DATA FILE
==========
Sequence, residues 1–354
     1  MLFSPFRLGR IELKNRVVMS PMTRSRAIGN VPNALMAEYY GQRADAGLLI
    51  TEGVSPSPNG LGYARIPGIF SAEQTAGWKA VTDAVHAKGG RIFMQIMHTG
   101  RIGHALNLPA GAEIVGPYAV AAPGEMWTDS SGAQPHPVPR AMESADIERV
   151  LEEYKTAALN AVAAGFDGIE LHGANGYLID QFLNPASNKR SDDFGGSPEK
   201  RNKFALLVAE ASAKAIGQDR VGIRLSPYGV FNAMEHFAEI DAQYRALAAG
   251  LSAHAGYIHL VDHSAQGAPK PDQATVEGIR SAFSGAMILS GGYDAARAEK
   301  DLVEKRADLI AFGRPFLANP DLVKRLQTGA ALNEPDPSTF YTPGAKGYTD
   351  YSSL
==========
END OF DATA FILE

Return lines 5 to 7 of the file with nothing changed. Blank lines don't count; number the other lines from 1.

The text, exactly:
   151  LEEYKTAALN AVAAGFDGIE LHGANGYLID QFLNPASNKR SDDFGGSPEK
   201  RNKFALLVAE ASAKAIGQDR VGIRLSPYGV FNAMEHFAEI DAQYRALAAG
   251  LSAHAGYIHL VDHSAQGAPK PDQATVEGIR SAFSGAMILS GGYDAARAEK